Original Research

What students should know about the humanities

Teboho J. Lebakeng
Inkanyiso | Vol 13, No 1 | a23 | DOI: https://doi.org/10.4102/ink.v13i1.23 | © 2022 Teboho J. Lebakeng | This work is licensed under CC Attribution 4.0
Submitted: 09 December 2022 | Published: 01 July 2021

About the author(s)

Teboho J. Lebakeng, School of Social Sciences, Faculty of Humanities, University of Limpopo, South Africa

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The purpose of the present writer is multiple. It is (a) to consider the core philosophy and politics underpinning the teaching of the humanities in the light of the ‘’right to conquest’’; (b) to sum up the key features of the struggle for epistemic decolonisation by the African intellectual icons; and (c) to identify the responsibility of a new generation of African scholars in giving meaning and relevance to such disciplines. Pursuant to these issues, the thesis advanced here is that due to the history of colonisation and the attendant epistemicide in Africa, there is an ethical and educational necessity to inscribe African epistemology and philosophy of education in the teaching and practice of the humanities. The implications for such inscription speak to the need to address epistemic injustice and cognitive dissonance suffered by African students in the learning of such disciplines. Methodologically, the paper does not look at a particular discipline but takes a broad generalisation about the humanities, based on desk-top resource material and reflexivity of the author’s positionality.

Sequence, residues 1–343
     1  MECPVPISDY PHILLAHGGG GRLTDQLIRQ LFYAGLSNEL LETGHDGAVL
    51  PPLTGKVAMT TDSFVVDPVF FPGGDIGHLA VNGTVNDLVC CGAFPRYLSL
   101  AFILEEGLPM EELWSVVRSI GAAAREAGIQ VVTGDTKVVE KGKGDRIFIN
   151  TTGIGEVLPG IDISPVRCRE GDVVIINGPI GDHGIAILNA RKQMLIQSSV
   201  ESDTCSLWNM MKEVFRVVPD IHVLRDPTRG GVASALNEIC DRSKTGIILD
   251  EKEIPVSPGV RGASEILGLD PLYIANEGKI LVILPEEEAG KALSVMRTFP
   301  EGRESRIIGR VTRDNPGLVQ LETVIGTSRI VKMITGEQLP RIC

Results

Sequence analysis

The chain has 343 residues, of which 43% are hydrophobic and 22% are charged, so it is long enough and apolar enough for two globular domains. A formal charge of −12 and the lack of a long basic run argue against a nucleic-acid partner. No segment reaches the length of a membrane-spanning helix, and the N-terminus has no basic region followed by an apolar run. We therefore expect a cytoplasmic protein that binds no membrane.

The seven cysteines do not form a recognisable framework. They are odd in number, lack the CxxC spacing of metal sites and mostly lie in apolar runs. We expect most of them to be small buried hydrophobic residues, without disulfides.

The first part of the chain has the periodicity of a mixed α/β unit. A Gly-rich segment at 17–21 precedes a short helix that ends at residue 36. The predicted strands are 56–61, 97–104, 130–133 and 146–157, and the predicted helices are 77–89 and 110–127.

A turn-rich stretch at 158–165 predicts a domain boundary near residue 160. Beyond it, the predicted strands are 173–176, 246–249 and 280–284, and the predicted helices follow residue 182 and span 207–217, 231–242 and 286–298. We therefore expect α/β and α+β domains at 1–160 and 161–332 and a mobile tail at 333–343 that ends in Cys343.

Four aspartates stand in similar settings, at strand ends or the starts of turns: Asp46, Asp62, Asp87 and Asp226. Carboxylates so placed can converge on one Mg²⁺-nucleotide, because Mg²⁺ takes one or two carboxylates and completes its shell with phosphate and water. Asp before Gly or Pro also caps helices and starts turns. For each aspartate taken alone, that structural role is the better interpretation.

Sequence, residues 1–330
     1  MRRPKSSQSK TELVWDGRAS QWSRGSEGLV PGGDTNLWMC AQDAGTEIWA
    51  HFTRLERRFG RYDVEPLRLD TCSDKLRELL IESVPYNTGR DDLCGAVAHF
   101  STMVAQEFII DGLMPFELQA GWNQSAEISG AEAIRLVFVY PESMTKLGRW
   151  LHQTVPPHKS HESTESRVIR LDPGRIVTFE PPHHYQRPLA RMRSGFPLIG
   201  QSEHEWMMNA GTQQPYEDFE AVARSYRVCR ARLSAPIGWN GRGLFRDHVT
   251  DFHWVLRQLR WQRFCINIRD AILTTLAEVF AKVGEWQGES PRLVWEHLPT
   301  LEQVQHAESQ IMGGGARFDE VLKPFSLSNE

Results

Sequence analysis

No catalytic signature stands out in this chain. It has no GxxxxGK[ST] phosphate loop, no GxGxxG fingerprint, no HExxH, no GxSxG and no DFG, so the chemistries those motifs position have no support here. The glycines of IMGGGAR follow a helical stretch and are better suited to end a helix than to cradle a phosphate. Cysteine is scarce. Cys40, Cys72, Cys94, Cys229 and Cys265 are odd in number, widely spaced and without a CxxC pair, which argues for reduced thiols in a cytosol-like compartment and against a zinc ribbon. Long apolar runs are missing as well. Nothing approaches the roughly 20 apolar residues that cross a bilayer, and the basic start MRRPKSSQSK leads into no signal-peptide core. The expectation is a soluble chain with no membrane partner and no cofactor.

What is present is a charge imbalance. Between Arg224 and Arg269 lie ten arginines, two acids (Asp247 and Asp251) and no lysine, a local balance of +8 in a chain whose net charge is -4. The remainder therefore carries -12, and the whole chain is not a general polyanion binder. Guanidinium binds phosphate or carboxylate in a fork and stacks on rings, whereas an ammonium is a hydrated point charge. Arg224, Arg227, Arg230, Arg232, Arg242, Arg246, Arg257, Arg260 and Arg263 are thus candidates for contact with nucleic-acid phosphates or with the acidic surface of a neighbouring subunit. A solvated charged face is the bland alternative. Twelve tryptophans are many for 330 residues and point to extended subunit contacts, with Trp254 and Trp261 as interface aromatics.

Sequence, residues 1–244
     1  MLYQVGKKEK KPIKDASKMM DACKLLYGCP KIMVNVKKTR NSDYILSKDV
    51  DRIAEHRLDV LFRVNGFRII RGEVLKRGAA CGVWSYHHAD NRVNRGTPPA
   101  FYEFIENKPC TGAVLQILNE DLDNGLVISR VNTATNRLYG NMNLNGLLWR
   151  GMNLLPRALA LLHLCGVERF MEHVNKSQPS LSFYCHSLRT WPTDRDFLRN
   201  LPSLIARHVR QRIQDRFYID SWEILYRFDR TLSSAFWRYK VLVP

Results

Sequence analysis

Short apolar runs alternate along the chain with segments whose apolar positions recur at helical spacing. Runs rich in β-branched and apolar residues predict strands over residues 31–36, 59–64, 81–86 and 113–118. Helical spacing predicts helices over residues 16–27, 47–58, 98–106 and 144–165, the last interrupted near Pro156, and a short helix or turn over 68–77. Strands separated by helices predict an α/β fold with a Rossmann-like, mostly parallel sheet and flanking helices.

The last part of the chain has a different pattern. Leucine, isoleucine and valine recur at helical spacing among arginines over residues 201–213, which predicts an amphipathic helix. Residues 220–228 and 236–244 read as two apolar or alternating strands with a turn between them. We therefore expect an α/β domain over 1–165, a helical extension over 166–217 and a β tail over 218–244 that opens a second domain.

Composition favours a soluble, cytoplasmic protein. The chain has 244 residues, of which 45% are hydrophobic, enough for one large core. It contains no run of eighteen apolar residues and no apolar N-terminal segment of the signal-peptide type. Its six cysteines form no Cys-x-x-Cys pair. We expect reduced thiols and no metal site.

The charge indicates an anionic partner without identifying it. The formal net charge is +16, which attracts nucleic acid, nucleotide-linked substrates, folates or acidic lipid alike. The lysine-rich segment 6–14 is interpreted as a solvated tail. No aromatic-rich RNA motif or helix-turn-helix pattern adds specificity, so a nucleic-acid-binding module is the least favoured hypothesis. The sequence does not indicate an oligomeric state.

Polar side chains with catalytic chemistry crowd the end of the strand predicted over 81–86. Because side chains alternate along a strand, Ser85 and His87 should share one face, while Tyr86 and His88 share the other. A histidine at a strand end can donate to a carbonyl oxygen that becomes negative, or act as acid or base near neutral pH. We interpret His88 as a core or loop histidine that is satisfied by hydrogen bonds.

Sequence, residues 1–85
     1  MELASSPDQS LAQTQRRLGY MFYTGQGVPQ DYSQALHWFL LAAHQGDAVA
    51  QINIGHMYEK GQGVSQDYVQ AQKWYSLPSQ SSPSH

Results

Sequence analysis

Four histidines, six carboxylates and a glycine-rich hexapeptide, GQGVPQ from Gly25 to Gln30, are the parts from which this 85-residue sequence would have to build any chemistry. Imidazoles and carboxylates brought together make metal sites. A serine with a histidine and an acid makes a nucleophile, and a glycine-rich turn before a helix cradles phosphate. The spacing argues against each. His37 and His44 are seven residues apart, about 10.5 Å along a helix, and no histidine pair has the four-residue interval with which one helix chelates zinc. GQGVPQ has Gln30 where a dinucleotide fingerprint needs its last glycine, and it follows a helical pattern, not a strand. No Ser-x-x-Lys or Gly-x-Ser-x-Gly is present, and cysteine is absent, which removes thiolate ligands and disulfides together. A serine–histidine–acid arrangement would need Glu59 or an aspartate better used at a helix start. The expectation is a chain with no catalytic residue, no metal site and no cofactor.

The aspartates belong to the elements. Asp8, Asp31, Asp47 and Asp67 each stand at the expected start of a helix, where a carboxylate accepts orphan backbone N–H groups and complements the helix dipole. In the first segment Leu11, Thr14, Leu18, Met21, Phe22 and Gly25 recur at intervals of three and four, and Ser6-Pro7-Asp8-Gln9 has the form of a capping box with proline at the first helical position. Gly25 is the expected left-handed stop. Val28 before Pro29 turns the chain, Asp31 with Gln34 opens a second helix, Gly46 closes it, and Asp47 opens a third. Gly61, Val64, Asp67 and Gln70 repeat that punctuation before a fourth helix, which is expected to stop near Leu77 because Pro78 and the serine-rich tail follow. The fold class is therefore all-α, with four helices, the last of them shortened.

Epistemic injustice; epistemicide; African scholarship and humanities


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